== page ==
Woman files for divorce because husband would not change his facebook status to married
The Facebook split: Indian woman files for divorce after husband failed to change his relationship status to married
By David Baker
UPDATED: 11:02, 18 May 2012
An Indian woman is filing for divorce after her husband failed to change his relationship status to married on social network site Facebook.
The 28-year-old has already approached the family court seeking divorce saying that she can not trust him after her failed to announce their marriage on the website.
The Telugu couple had an arranged marriage just two months ago and the case was filed in the jurisdiction of an Aurangabad court where the women is thought to live.
According to the Deccan Chronicle her husband told the court that he had forgotten to update his status, but the judge has given the two parties six months to undergo counselling.
Speaking to the Indian based newspaper High Court advocate Mr Subhash said, ‘I came to know of the above incident from the magistrate in the Aurangabad court.
‘The Hyderabadi husband had told the judge that he was so busy post marriage with family and his furniture business that he really had no time to check his FB or change his status.
‘He was willing to do so now or even de-activate his account, however, the woman was not keen to continue with the marriage and she says her husband might be doing things behind her back and she couldn’t trust him.’
Although there are thought to be few cases whereby the failure to change a status of a relationship has caused a breakdown Facebook is increasingly being used as a source of evidence in divorce cases, according to lawyers.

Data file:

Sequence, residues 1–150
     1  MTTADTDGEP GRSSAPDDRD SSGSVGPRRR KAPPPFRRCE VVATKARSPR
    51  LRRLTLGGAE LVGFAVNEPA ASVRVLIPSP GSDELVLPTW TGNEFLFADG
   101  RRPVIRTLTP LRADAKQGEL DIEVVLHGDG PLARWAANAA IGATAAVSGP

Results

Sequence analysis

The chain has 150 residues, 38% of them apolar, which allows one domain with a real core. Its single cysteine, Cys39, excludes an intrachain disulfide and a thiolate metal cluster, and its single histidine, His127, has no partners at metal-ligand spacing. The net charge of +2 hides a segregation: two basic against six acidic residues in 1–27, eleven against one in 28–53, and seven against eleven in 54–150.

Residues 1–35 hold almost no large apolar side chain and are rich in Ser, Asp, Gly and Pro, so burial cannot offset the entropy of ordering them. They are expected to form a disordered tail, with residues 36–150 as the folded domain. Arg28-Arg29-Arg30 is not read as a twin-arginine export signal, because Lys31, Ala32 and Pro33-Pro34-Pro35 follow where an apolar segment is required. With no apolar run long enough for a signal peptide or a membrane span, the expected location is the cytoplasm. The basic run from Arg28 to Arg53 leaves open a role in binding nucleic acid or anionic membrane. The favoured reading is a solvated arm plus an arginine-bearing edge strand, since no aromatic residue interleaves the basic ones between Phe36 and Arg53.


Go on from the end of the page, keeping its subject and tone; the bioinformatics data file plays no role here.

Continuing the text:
The social networking site was cited as a reason for a third of divorces last year in which unreasonable behaviour was a factor, according to law firm Divorce-Online.
The firm said it had seen a 50 per cent jump in the number of behaviour-based divorce petitions that contained the word ‘Facebook’ in the past two years.
Mark Keenan, managing director of Divorce-Online, said: ‘Facebook has become the primary method for communicating with friends for many people.
‘People contact ex-partners and the messages start as innocent, but lead to trouble.
‘If someone wants to have an affair or flirt with the opposite sex then it’s the easiest place to do it.’
Thirty-three per cent of the 5,000 behaviour petitions filed with the firm in the past year mentioned the site.
The most common reasons for Facebook causing problems in relationships were a spouse finding flirty messages, photos of their partner at a party they did not know about or with someone they should not have been with.